In an embodiment of the invention a THz radiation detector comprises a plurality of antenna arms separated from a suspended platform by an isolating thermal air gap. The detector functions to concentrate THz radiation energy into the smaller suspended MEMS platform (e.g., membrane) upon which a thermal sensor element is located. The THz photon energy is converted into electrical energy by means of a pixilated antenna using capacitive coupling in order to couple this focused energy across the thermally isolated air gap and onto the suspended membrane on which the thermal sensor is located.

The detector mechanism achieves a much stronger, focused THz induced thermal heating of the suspended membrane such that this thermal signal becomes much stronger than the detector temperature noise, even when the detector operates at room temperature. This much higher thermal signal to thermal noise is then converted into a much higher electrical signal to electrical noise by the thermal sensor element.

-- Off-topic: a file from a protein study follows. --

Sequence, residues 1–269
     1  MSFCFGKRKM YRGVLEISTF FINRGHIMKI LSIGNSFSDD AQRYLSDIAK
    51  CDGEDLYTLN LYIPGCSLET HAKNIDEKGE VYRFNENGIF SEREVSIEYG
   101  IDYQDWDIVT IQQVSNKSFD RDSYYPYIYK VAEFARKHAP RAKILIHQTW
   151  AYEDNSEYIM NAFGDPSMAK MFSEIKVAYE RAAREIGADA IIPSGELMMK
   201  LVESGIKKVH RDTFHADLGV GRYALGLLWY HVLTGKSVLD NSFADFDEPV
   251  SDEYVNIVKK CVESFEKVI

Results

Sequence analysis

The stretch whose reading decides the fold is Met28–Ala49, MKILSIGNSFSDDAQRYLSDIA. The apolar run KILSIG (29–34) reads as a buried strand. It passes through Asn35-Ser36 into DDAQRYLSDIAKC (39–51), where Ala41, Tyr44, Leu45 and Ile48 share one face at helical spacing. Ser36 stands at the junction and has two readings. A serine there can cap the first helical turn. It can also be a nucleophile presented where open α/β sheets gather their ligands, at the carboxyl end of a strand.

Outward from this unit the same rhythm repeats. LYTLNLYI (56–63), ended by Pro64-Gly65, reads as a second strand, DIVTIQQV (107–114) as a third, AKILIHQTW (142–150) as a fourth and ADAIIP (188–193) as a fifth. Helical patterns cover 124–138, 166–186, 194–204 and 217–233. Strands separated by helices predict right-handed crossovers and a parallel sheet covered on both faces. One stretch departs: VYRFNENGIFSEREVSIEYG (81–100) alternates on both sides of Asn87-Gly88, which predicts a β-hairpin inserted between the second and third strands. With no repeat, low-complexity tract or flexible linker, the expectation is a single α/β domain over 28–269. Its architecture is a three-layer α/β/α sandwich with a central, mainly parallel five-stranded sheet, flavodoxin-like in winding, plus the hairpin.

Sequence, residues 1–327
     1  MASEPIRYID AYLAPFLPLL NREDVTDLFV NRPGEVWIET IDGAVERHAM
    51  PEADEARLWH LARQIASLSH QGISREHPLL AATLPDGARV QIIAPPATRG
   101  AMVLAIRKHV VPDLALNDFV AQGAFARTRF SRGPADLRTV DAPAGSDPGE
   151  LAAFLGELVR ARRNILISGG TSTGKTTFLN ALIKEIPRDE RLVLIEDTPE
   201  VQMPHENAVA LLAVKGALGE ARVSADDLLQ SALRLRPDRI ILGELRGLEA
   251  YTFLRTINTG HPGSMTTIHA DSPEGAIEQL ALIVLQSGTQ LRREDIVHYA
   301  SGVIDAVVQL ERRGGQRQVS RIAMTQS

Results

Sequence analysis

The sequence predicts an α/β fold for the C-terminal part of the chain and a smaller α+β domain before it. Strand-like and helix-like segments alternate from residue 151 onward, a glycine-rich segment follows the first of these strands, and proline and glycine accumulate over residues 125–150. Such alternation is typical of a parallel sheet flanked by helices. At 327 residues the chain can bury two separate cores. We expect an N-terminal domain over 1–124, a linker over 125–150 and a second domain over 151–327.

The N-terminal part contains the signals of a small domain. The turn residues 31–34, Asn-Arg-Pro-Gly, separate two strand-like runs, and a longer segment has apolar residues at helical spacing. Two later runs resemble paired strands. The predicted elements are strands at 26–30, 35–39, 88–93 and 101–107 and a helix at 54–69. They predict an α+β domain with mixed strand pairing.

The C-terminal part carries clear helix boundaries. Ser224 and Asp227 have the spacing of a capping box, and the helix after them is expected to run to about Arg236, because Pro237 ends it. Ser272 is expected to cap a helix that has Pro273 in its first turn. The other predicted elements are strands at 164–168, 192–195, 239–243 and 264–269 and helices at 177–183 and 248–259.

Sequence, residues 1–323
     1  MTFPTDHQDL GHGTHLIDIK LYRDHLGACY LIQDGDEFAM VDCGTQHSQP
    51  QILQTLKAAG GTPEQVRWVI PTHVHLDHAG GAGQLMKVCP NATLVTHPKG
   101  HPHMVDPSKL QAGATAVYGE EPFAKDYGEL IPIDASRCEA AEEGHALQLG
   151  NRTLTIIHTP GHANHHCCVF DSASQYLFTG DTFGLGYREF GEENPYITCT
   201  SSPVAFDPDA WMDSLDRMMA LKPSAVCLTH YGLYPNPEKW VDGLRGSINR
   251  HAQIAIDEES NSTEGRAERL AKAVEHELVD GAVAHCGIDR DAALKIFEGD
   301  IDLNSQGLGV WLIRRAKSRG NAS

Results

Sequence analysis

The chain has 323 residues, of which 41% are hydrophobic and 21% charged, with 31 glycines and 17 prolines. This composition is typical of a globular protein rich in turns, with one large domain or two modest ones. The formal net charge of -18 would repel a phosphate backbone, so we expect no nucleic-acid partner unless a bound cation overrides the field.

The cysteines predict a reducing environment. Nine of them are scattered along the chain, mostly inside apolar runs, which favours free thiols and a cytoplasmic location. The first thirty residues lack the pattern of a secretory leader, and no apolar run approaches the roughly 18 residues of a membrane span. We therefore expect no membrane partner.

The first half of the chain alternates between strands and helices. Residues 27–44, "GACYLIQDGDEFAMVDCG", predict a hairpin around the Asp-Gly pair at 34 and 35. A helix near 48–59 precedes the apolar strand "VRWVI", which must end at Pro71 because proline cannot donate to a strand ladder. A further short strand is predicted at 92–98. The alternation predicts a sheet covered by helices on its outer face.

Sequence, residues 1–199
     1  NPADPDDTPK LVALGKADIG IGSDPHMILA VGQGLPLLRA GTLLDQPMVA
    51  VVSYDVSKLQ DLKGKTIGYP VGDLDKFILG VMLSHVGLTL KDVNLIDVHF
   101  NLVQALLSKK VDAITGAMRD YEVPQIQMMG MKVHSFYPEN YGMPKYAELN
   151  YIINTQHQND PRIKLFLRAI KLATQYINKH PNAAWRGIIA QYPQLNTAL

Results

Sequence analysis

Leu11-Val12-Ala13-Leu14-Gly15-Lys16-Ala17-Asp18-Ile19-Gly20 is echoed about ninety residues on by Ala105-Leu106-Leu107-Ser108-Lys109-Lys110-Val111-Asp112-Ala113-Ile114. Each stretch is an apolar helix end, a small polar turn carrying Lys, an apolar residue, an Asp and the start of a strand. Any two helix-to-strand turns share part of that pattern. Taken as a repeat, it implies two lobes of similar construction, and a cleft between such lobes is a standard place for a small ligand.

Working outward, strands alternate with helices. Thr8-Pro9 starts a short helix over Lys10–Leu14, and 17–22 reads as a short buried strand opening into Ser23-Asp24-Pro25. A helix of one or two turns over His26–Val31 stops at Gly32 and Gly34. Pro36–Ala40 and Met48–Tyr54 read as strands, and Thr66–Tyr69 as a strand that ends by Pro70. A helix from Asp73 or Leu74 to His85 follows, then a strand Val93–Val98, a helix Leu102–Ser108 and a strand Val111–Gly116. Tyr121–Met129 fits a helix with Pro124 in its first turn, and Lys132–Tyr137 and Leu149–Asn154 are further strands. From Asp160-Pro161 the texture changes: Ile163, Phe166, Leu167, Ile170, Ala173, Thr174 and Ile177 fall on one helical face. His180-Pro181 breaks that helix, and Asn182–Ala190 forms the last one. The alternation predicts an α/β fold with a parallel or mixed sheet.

There is thus provided in accordance with the invention, a terahertz (THz) detector comprising a dielectric substrate, an antenna fabricated on the substrate, a suspended platform comprising a thermal sensor operative to receive THz radiation focused by the antenna via capacitive coupling and operative to convert the received THz radiation to an electrical signal and wherein the capacitive coupling provides thermal isolation between the antenna and the thermal sensor.